Summer fun is coming to the area in the next week with the start of two county fairs. The Schoharie County Sunshine Fair runs Saturday through Aug. 3. The Otsego County Fair runs July 30 to Aug. 4.
A big attraction at the Schoharie fair in Cobleskill is the July 31 parade, which will feature television stars the Fabulous Beekman Boys as grand marshals. That event starts at 6:30 p.m.
Fair president Doug Cater previously said that more attractions have been brought in this year to keep the fair exciting. This includes an an outdoor circus act with lions and tigers, a large petting zoo with camel and pony rides, pig racing and a Frisbee dog show.
Agriculture remains an important part and there will be many related events, including cattle and horse shows, he said.
Otsego County Fair manager Judy Harris said the tents are going up and there is activity everywhere at the fairgrounds in Morris. Last year the attendance was about 37,000, and she was hopeful that if the the weather will cooperates that total could be met again. Prices are unchanged from last year, as the fair board does its job to keep things reasonable, she said.
The opening day parade — which starts at 7:30 p.m. and includes fire departments and school bands — is always a big draw, Harris said.
New this year the county Cooperative Extension will be a part of the event with “agriculture on parade,” 4-H resource educator Patti Zellmer said. Every district will be represented by their agricultural products. There are nearly 600 agriculture-related businesses in the county. Besides milk, this includes such items as honey, maple syrup, organic vegetables and cheese.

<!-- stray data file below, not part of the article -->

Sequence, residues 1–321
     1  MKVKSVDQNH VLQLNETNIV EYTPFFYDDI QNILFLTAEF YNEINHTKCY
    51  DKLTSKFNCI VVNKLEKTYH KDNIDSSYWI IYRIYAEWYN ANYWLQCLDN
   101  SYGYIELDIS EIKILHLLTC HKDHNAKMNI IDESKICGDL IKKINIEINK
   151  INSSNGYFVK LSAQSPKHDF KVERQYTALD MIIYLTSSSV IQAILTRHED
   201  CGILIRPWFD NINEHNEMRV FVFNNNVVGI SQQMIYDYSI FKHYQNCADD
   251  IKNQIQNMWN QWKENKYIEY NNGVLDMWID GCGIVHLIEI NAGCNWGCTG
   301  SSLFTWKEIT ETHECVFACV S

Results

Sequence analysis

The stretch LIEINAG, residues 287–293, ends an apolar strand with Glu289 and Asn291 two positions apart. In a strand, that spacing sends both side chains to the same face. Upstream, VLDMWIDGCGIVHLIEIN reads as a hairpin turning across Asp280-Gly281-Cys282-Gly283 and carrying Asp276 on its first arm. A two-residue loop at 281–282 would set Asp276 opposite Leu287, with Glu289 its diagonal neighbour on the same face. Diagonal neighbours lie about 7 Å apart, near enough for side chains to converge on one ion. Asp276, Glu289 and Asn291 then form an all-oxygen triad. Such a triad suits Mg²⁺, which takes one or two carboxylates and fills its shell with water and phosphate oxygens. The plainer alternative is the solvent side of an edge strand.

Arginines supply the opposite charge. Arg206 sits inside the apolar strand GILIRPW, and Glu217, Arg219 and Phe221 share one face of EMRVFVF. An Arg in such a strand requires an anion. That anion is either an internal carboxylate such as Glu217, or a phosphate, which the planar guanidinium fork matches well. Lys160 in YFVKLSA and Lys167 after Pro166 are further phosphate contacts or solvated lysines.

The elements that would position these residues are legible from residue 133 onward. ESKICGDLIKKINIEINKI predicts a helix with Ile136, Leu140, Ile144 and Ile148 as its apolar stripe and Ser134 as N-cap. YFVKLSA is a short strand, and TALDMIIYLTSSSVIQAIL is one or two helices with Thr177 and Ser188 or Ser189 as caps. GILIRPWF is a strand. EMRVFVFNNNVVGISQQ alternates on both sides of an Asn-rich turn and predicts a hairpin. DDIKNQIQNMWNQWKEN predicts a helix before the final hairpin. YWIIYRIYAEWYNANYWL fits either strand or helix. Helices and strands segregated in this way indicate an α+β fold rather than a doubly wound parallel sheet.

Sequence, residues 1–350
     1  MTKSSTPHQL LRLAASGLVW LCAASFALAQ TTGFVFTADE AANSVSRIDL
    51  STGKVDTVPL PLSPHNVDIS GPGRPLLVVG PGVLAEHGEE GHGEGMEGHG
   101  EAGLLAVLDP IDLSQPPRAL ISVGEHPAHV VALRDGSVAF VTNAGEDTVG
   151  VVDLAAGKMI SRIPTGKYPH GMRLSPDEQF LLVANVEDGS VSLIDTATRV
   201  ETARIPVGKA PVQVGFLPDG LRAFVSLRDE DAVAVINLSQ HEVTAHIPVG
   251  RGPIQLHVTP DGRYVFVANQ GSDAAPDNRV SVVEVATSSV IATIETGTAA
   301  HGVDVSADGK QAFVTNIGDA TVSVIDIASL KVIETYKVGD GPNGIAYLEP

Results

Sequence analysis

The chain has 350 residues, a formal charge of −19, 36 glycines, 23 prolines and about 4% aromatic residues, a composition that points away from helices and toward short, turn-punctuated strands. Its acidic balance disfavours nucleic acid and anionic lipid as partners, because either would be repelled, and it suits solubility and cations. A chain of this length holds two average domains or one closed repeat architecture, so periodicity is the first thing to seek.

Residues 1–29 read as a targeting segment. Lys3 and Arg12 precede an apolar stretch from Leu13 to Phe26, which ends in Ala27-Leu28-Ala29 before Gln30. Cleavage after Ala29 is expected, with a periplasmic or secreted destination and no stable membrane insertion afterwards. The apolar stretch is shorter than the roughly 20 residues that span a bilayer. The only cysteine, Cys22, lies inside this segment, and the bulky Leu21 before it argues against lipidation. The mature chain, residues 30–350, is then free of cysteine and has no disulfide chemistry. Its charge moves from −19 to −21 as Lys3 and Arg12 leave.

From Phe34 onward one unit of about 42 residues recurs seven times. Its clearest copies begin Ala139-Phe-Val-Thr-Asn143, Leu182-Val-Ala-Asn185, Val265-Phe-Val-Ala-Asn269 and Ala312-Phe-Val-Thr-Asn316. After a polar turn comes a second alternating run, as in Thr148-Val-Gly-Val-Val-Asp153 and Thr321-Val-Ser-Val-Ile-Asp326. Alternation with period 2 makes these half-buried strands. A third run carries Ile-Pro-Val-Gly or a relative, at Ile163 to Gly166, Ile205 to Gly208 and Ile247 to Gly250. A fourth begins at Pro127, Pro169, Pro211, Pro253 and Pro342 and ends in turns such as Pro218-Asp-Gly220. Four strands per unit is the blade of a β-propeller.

4-H members will be accompanying county representatives in the wagons. The 4-H livestock barns are full. The fair is the showcase for the group’s members, she said. It’s an opportunity to bring their livestock or projects and be evaluated.
Among those participating are the four children, ages 9 to 15, of Mary Kay Kennedy of Mount Vision. They got involved when two were awarded animals through a 4-H program last year. This year, two others wanted to be involved. Kennedy said she and her husband don’t have a traditional farm but provide space for the children to raise their 4-H animals, which include pigs, cows, sheep and chicken.
“It gives them a sense of responsibility and gives them a better understanding where their food comes from,” he said.
Other activities at 4-H Martin Hall include Tuesday to Saturday from 4 to 6 p.m. robotics activities for children 5 to 12. There is a 4-H talent show at the building Saturday at 7 p.m. There is also a 4-H snack bar and store in the building, along with members projects.
The Tired Iron of Butternut Valley will have a 4-mile antique tractor ride Sunday beginning at 3 p.m. at the fairground. The event will benefit the American Cancer Society and residents are invited to come prior to the parade to sponsor a driver. The group will also raffle off a load of firewood also to benefit the cancer society.
Fair entry clerk Peg Dutcher said the barns open to those not in 4-H are full as well, with totals about the same as last year. Maintaining good participation from the agricultural community is important to the fair board, she said. There are more than 350 exhibitors who will not only be showing animals but such things as fruit and vegetables, antique machinery and wine.